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Ryan Cassata on “Guard Rail,” Queer Art, and Long Island

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When we last checked in with the Long Island-raised and LA-based Ryan Cassata, a multi-talented songwriter and activist, he had just released “California Woman,” a stripped-down acoustic number with an effortless sense of vintage rock-star cool. Never one to settle down and stick with one sound, Cassata has released several other songs since then, with varying degrees of intensity and earnestness; his latest, “Guard Rail,” shows how versatile a songwriter he really is.

“Guard Rail” is as intimate and sincere as “California Woman,” but with more of a bedroom pop influence. There are synths and keyboards here, providing a rich sense of melancholy with a memorable chord sequence and some delicate counterpoint. Cassata’s vocal delivery, too, feels looser, flowing more freely than the bluesy bars of “California Woman”: there’s some clear influence from alternative R&B in the delivery, although his vocals remain free from affectation.

“Guard Rail” is about a relationship that is, as Cassata puts it, “close to the end like Montauk” (you can take the boy out of Long Island, but you can’t take Long Island out of the boy.) This was clearly a relationship of great passion and strife, with Cassata saying he would “drive over the guard rail” for his lover, even though at one point he threatened to drown himself (“so sorry that I scared you,” he sings, familiar words to anyone picking up the pieces from a breakdown.) Pairing these dramatic, almost gothic sentiments with modern, understated bedroom pop is an inspired choice: from Bronte to the TikTok age, love has always been messy and contradictory, but that doesn’t make it hurt any less when it ends.

Tell me about the story behind “Guard Rail.” Was it based on real-life experience? What did you draw upon when writing this song?

My most recent releases, “Guard Rail,” “Starfucker$,” and “Loner Boy” are all inspired by my real life experiences. The pandemic has given me a lot of time to reflect and process grief. “Guard Rail” dives into the topic of a romantic relationship that has come to a dramatic end. This song is all about regret. It’s about the concept of not having contact as the lyrics go “two weeks without talk, felt close to the end like Montauk, said I’d drive over the guard rail for you.” It’s a dark track that lays out all the negative emotions on the table on display for all to see. It’s also an apology and admission of shame.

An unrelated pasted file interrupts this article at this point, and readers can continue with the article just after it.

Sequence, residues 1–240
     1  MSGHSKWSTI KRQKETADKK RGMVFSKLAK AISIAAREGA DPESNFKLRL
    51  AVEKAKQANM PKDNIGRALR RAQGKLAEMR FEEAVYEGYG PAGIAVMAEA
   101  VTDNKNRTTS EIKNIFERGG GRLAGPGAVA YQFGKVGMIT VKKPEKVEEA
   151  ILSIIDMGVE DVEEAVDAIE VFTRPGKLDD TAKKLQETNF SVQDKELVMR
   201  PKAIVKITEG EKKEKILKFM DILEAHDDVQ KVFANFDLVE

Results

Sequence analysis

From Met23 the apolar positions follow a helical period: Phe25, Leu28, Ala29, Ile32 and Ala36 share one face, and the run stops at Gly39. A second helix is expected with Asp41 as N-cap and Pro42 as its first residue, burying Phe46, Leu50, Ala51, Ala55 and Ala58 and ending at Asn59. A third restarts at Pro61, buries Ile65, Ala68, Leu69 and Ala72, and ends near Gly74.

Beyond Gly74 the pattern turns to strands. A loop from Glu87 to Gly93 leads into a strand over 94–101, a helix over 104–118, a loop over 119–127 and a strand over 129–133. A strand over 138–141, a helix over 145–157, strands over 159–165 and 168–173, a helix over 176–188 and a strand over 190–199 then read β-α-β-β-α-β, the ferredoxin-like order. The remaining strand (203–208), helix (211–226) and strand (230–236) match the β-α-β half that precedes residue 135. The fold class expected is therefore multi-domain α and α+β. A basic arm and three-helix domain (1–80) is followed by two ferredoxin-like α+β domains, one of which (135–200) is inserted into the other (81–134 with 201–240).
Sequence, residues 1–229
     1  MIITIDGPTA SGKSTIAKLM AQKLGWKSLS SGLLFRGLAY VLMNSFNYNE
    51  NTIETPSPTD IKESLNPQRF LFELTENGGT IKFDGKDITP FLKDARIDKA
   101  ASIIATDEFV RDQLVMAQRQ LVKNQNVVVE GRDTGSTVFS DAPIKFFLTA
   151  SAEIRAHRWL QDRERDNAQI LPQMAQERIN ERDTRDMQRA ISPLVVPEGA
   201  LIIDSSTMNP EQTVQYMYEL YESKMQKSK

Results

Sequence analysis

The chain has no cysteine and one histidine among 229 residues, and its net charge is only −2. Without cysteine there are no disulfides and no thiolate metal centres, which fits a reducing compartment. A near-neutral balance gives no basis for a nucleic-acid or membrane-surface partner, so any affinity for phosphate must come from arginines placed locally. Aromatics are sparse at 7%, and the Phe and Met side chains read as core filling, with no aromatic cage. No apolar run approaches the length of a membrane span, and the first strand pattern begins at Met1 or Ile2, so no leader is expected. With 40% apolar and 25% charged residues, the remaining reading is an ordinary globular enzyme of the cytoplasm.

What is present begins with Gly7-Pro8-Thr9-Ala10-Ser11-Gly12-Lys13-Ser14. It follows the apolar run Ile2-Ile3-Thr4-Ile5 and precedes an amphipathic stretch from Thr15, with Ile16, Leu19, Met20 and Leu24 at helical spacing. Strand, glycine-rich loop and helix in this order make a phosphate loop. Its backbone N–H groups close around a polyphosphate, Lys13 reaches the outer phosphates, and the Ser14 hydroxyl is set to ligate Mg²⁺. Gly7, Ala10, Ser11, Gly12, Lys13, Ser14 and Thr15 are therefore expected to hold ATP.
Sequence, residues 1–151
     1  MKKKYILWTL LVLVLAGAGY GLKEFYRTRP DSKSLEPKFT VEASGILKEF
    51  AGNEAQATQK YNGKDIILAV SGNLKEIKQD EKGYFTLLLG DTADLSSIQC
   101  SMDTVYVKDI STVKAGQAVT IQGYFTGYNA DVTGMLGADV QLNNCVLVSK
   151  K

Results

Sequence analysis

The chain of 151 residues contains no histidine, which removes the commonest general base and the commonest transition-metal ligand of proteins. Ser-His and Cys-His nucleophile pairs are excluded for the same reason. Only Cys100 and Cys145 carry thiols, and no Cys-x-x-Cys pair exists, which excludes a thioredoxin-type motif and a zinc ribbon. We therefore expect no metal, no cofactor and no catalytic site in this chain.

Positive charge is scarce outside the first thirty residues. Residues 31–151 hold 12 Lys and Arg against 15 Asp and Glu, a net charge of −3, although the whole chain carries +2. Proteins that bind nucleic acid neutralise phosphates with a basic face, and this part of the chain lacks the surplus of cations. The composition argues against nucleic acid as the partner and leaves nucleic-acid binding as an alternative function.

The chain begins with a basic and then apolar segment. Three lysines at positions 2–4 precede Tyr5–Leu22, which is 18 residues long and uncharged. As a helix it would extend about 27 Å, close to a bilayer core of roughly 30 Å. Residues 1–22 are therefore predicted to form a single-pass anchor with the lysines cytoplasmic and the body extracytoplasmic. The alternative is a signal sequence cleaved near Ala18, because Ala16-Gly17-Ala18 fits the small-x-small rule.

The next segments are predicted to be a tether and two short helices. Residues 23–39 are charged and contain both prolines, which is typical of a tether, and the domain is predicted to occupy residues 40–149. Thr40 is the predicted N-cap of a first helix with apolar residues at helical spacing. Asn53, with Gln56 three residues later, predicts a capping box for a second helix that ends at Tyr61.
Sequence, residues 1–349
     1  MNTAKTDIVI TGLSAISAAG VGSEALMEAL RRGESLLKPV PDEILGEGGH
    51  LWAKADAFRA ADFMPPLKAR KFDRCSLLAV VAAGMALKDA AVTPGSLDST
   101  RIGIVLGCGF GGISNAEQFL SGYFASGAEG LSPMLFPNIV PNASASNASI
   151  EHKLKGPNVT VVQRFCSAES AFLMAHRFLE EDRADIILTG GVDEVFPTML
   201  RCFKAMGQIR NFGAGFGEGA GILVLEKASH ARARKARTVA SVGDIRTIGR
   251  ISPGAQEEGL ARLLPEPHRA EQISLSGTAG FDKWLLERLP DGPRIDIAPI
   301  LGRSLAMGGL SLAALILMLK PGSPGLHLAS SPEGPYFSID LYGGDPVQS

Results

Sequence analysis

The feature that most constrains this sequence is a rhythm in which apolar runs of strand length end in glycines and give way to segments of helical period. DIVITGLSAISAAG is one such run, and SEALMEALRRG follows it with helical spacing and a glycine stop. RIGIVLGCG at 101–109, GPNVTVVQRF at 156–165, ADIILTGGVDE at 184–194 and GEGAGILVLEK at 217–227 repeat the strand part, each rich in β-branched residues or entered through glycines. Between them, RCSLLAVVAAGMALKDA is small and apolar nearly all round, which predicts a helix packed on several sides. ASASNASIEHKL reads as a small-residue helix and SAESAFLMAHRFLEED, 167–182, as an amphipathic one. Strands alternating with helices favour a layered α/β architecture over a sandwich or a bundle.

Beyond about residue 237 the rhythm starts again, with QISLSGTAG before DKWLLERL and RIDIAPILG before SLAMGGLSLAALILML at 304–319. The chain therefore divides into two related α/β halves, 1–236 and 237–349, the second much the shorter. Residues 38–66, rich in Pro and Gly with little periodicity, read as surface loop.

You’ve explored a few different genres over the course of your career so far—for instance, “California Woman” was more rock/folk centered while “Guard Rail” leans more bedroom pop. Are you naturally inclined to try new things, or is it a conscious effort to keep things fresh?

I think I’m naturally inclined to try new things and I think that is because I listen to so many different genres. I get inspired by all different types of music. My new album MAGIC MIRACLE MILE coming out on October 22nd, is very experimental compared to anything that I have done before. I think that’s partially because this was my first time self-producing and I also had an unlimited amount of time to experiment and try new things as I wasn’t paying by the minute in a recording studio. Here’s a list of the artists that I was listening to on repeat while making Magic Miracle Mile:  Kendrick Lamar, Drake, Lil Peep, Bruce Springsteen, Alkaline Trio, Notorious B.I.G., Justin Bieber, Taylor Swift, Sam Cooke, Mac Miller, Lizzo, Ariana Grande.

There’s a balance that many LGBTQIA creatives have to strike, where they want to be true to their identities without being pigeonholed as A Gay Artist, A Trans Artist, etc. It’s something I’ve struggled with in my personal writing—is the balance a concern for you, or is it not something you think of?

Yes, I definitely want to be more mainstream but I’m also grateful that I’ve been able to help so many LGBTQ people and also have been such an active member of the community. I’m proud to be out and proud. I’m proud to be trans. But…I knew that I was a musician long before I knew I was queer.

As a fellow person who grew up on Long Island, has your upbringing influenced your work or your creativity in any way?

I think the Long Island music scene that I grew up in was incredible to come up in as an artist. There were shows all of the time. There were open mics all of the time. It was an incredible experience to grow up there and get to be part of that flourishing scene. Also, being from Long Island I grew up on a lot of punk rock and that has definitely found it’s way into my music!

I’m heading back to perform on Long Island on September 30th for Fresh Brewed Sessions.

You’re an incredibly prolific, multi talented artist. What’s next for you?

Thank you so much! Next up is the release of Magic Miracle Mile. I’m very excited to release this body of work into the world. After that, I will finish working on the follow up album. I literally cannot stop writing songs…so there will be many, many more songs coming, many more albums! Lots of shows are happening too. You can find cities, dates and tickets here.

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